Russian stocks tumbled, driving the dollar-denominated RTS Index down more than 20 percent from this year’s high as the slump in oil to a five-month low curbed appetite for equities in the world’s biggest energy exporter.
The RTS dropped 3.6 percent to 1,401.73 compared with this year’s March 15 peak of 1,754.81, breaching the threshold analysts say marks a so-called bear market. The 30-stock Micex Index (INDEXCF) retreated 3.5 percent to 1,337.42 by the close in Moscow, the lowest since Oct. 6. Federal Grid Co. sank 7.2 percent after Goldman Sachs Group Inc. cut the stock to sell from buy. United Co. Rusal, the world’s largest aluminum producer, slumped 3.9 percent after posting an 84 percent first-quarter earnings decline.
Oil fell as much as $2.48 to $93.65 a barrel in New York, the lowest intraday price since Dec. 19. Russia-focused equity funds recorded this year’s biggest outflows for the week ended May 9, posting redemptions of $188 million, according to EPFR Global. Prime Minister Dmitry Medvedev plans to present President Vladimir Putin with his proposed government candidates tomorrow, RIA Novosti reported.
“Oil is still not offering support to the market,” Andrey Kuznetsov, an equities analyst at Citigroup Inc., said by phone from Moscow. “There’s a lot of uncertainty surrounding the new government cabinet. If the new cabinet consists of market- oriented people, the market will rejoice.”
National Transmission Plan
Federal Grid, also known as FSK, the state monopoly for high-voltage power transmission, retreated to the lowest level in more than three years after Goldman Sachs cut the stock on concern the company will acquire power distributor OAO MRSK Holding and on slower-than-expected tariff growth.
Federal Grid fell to 21.42 kopeks, the weakest price since July, 2009. The shares have fallen 24 percent this year. MRSK dropped 6 percent to 2.007 rubles.
Russia is considering the creation of a national electricity transmission company, Interfax reported today, citing acting Deputy Prime Minister Igor Sechin, without giving a timeline for the deal. The government, which owns 56 percent of MRSK, according to data compiled by Bloomberg, ordered that the company be put under the management of Federal Grid, MRSK said in a statement May 11.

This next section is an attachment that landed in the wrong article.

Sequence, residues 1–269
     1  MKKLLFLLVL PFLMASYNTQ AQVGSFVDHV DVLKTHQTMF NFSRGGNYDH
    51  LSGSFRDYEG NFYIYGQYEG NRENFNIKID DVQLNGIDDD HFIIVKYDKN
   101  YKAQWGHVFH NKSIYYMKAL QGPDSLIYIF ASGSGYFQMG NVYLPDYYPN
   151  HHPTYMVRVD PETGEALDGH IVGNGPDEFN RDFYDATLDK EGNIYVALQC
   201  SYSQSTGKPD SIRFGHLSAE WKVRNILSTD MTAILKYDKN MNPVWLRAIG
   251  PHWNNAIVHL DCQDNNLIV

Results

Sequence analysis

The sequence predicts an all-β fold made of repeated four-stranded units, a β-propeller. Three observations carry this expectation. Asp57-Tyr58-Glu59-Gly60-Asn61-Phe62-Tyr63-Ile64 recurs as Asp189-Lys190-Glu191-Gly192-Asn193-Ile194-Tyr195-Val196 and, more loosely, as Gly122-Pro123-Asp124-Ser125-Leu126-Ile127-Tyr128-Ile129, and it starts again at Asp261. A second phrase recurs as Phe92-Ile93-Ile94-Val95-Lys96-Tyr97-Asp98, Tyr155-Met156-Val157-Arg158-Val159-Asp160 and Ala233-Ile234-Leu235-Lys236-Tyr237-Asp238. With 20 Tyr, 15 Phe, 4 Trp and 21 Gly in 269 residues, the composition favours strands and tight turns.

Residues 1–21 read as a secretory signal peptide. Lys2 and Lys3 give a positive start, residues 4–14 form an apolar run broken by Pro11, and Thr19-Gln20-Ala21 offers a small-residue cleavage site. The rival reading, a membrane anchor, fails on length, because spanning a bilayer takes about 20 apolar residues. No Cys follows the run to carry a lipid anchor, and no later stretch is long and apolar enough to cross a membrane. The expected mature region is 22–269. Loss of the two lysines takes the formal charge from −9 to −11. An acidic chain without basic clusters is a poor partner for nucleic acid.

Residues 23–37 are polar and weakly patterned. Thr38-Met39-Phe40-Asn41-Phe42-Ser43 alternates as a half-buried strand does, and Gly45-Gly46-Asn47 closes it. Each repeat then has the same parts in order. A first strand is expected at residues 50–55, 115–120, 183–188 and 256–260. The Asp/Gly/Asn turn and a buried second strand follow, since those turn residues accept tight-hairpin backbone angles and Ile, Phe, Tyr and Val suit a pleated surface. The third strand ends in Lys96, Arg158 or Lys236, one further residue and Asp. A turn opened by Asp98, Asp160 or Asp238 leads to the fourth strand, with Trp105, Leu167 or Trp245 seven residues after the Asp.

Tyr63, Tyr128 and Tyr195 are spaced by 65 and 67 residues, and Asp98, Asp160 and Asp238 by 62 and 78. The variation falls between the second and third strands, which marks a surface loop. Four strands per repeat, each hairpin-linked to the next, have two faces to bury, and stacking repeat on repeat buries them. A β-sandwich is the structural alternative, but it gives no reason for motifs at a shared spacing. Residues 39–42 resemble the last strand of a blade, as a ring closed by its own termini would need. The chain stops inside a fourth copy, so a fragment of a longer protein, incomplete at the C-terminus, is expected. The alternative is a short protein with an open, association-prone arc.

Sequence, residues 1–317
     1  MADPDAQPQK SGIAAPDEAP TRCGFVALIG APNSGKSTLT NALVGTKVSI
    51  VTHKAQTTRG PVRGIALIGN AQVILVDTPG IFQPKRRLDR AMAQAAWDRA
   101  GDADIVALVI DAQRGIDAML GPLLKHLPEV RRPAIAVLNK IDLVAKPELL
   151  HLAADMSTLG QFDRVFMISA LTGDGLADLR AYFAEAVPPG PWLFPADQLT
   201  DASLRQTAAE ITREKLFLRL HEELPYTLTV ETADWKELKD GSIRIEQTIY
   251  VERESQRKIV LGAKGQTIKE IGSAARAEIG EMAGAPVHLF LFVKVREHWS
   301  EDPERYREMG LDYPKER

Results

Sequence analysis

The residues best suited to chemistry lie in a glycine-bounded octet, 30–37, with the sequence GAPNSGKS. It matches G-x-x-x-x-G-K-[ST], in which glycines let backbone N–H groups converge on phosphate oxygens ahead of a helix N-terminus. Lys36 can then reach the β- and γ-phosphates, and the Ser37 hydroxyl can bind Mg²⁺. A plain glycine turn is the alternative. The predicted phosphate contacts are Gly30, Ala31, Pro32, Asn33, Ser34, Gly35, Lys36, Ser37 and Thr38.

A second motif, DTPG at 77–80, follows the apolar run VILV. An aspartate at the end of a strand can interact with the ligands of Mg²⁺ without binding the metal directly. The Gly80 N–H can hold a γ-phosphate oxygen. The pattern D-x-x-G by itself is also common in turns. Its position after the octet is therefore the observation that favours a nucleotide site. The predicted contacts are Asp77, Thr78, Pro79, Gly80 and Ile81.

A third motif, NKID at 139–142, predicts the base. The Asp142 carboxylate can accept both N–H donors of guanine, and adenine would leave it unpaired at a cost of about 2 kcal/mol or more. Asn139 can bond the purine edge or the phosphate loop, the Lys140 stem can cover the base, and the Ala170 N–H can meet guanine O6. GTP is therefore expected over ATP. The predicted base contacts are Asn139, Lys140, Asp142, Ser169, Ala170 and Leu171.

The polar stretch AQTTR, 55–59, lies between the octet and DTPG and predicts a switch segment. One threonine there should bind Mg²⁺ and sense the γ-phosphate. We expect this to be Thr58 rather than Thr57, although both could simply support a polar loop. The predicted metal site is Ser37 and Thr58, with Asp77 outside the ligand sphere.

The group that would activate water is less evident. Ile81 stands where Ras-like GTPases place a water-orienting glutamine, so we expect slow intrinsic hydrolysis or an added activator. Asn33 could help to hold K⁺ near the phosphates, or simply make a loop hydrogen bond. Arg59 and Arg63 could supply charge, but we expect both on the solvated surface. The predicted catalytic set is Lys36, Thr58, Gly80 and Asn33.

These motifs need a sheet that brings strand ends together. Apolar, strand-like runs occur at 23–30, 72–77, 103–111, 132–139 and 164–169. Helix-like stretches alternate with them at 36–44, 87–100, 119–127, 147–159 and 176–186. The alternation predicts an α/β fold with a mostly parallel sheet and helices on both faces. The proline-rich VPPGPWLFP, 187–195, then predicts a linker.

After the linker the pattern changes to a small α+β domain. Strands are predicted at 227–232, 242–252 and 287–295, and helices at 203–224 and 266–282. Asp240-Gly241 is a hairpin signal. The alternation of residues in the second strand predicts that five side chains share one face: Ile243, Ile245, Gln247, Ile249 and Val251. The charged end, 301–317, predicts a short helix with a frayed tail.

Medvedev held meetings today to discuss the makeup of the new government RIA reported, without citing anyone.
Tatyana Golikova, the acting health minister, may be appointed finance minister, Nezavisimaya Gazeta reported, citing unidentified officials. Arkady Dvorkovich, an aide to Medvedev when he was president, may head the Economy Ministry, while acting economy minister Elvira Nabiullina will be moved to the post of health minister, the Moscow-based newspaper reported.
Russia received almost 50 percent of budget revenue from oil and gas sales last year, according to government estimates. Brent crude for June settlement dropped 1.6 percent to $110.43.
Oil fell for a second week through May 11, retreating below $95 a barrel for the first time since December, as Greece struggled to form a government after inconclusive elections, prompting concern that the country may withdraw from the euro.
WTI may decline to $90 a barrel, and Brent to $105, as central banks struggle to resolve the debt turmoil, Bank of America Corp. said in a report e-mailed today.
Protests continued in the Moscow capital over the weekend with Russian novelists and poets yesterday leading thousands in a walk along Moscow’s central boulevards aimed at defending people’s rights to gather on the streets without permission from the authorities.
Police detained hundreds on May 6 after clashes between riot officers and demonstrators who gathered in thousands to rally against Putin 24 hours before his inauguration. More arrests followed in the next three days as protesters held a series of unauthorized gatherings.
“Global factors will continue to pressure the Russian market,” Ilya Zharskiy, who manages $3.3 million at Astercom Asset Management in Moscow, said by phone. “We may see a large drop this week and the index may fall to 1,200 by the middle of July.”
A move by Chinese policymakers to spur growth failed to bolster global equities amid signs the country’s economic expansion is losing steam. Reserve ratios will fall 50 basis points, effective May 18, the People’s Bank of China said on its website on May 12. The level for the nation’s largest lenders will decline to 20 percent based on previous statements.
China’s industrial output rose 9.3 percent in April from a year earlier, the statistics bureau reported on May 11. That missed a 12.2 percent median estimate in a Bloomberg News survey of 32 economists.
Trading on the Micex slumped 30 percent in April from the month before compared with a 22 percent drop in the same period a year earlier.
Russian stocks trade at 5.1 times estimated earnings, having lost 4.6 percent this year. That compares with a 4 percent gain for the MSCI Emerging-Market Index which trades at 9.6 times projected earnings.
-- With assistance from Jason Corcoran; Editors: Alex Nicholson, Gavin Serkin
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